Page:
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If we arbitrarily choose a point from each orthant in $\mathbb{R}^n$, that is we choose $2^n$ points in total, how do we prove that 0 is in the convex hull of these $2^n$ points? It seems obvious, but when I sit down and start thinking about it, I couldn't definitely find a set of $\lambda_i, i = 1,2,\cdots,2^n$ such that $0 \leq \lambda_i \leq 1, \sum_i \lambda_i = 1$ and $0 = \sum_i \lambda_i x_i$, where $x_i, i = 1,2,\cdots,2^n$ are any set of points satisfying the condition.

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Induct on dimension.

In the $n=1$ base case, you have a positive number and a negative number; $0$ can be represented as a convex combination of them.

For $n>1$: Given your $2^n$ points, one from each orthant, divide them into 2 sets of size $2^{n-1}$, where the first set has points whose last coordinates are positive and the second set where the last coordinates are negative. By the inductive hypothesis there is a convex combo of the first set of points such that the first $n-1$ coordinates vanish, and similarly for the second set. The last coordinates of these two convex combos are positive and negative, so there is a convex combo of them that is zero.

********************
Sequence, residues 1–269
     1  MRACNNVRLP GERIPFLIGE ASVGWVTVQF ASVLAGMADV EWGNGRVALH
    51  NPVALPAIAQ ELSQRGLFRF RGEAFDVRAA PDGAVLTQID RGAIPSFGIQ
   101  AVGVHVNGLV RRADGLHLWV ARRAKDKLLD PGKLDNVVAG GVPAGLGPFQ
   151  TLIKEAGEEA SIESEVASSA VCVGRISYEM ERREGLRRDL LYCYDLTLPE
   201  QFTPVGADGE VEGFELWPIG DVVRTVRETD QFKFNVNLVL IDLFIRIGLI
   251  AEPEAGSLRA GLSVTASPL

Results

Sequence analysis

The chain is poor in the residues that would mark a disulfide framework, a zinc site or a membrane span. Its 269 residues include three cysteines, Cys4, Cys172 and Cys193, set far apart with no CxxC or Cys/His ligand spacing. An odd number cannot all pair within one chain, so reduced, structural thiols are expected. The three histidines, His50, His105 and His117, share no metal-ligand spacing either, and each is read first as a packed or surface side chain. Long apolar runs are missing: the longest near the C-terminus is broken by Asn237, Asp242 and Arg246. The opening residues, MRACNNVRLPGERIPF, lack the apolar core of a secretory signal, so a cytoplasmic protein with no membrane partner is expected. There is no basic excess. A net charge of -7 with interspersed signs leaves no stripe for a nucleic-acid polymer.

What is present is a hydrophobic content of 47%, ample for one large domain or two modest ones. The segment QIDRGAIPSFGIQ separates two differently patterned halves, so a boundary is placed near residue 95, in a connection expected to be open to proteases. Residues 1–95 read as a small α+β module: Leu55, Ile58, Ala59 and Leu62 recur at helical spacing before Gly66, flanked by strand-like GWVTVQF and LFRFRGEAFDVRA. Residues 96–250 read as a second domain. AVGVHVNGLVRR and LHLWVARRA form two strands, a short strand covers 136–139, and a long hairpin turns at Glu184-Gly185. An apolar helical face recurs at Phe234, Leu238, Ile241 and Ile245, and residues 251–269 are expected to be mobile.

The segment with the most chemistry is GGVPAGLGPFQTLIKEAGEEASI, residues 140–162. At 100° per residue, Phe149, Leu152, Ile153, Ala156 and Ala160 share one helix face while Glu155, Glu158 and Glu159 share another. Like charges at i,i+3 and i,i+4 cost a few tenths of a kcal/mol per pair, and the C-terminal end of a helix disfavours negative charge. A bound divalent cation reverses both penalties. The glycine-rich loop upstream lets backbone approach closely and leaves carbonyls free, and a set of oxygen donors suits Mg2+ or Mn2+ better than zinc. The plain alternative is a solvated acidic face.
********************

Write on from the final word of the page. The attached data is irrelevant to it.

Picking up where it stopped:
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Take in pairs the points that differ in sign for the coordinate $n$ (and only that one) and form the convex combinations such that that coordinate is cancelled.

Now you have $2^{n-1}$ points in each orthants of the diminished space.

The results holds because the convex combination of linear combinations is a convex combination.

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